As previously mentioned, a dynamic input refers to a QoS condition that changes at a faster rate than a static input. Examples of dynamic inputs include, but are not limited to, a user's current location, variation information regarding the user's current location, utilization information regarding the cellular device 106, cell conditions regarding the cell in which the cellular device 106 is located, RF link conditions regarding the RF link 112, proximity information between the cellular tower 104 and the cellular device 106, and geometry information between the cellular tower 104 and the cellular device 106. For a given cellular device, such as the cellular device 106, the user's current location may be determined via a global position system (“GPS”), triangulation, or other suitable technique available to the cellular device 106. The variation information may be utilized to determine the rate of change in the user's current location as well as to predict the user's anticipated locations in the future. The variation information may include the speed at which the cellular device 106 is moving, the direction in which the cellular device 106 is moving, and the degree of constancy and pauses with respect to the speed and the direction. The utilization information may include active services, such as voice calls, text messaging, and Internet browsing, being utilized by the cellular device 106 and the bandwidth utilized by the cellular device 106 to implement these services.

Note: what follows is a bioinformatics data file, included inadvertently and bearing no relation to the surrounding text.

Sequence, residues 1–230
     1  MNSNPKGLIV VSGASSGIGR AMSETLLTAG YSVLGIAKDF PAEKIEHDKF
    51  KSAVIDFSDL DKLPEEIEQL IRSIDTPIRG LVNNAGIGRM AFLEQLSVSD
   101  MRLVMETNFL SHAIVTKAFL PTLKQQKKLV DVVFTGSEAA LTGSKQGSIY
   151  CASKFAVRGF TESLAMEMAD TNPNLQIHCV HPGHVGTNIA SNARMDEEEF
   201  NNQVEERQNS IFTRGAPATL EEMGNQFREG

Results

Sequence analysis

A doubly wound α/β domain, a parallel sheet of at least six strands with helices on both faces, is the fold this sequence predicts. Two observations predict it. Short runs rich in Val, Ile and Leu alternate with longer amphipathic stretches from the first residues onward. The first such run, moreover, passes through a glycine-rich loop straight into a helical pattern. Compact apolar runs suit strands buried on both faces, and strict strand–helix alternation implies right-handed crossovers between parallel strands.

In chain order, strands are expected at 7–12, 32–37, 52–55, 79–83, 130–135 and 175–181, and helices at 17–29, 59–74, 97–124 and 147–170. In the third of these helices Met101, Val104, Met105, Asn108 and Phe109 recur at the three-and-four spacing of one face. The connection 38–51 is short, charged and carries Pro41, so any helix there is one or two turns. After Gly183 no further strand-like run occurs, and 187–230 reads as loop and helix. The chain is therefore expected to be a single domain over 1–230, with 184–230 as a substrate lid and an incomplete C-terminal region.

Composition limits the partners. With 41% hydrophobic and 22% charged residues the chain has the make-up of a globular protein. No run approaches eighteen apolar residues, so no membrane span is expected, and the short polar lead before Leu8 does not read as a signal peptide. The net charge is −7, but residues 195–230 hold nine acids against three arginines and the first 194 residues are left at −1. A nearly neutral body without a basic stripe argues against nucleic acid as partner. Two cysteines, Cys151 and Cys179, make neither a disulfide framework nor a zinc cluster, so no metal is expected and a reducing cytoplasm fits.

The cell conditions may include noise information, load information, and variation information on the user's load. The noise information may include, for example, the level of noise, the type of noise, and the spectral characteristics of the noise. The load information may include, for example, the number of users in the cell, the types of users in the cell, and the types of applications being utilized by the users in the cell. The variation information may include, for example, variations in suitable load metrics over given intervals. The RF link conditions may include signal and noise levels, signal-to-noise ratios, and the rate at which the signal-to-noise ratios change. The RF link conditions may be based on RF links, such as the RF link 112, between the cellular tower 104 and the cellular device 106, as well as RF links between cellular device 106 and other reachable cellular towers and between the cellular device 106 and other reachable cellular devices. The proximity information may include the distance information and the rate at which the distance information changes. The distance information may include the distance between the cellular tower 104 and the cellular device 106, the distances between the cellular device 106 and other reachable cellular towers, and the distances between the cellular device 106 and other reachable cellular devices. The geometric information may include angle information and the rate at which the angle information changes. The angle information may include the angle between the cellular tower 104 and the cellular device 106, the angles between the cellular device 106 and other reachable cellular towers, and the angles between the cellular device 106 and other reachable cellular devices.

For each of the multiple cellular users, the coordination module 124 may identify (at 208) categories of potential QoS situations (i.e., situations in which QoS may be detrimentally affected) according to predefined combinations of identification information, static inputs, and dynamic inputs. Each of these categories may be mapped to one or more relevant QoS mechanisms, such as the QoS mechanisms 118, 120, 122, that can resolve the potential QoS situations. In this way, the coordination module 124 can easily determine which QoS mechanisms are relevant based on the identification information received at operation 202, the static inputs received at operation 204, and the dynamic inputs received at operation 206.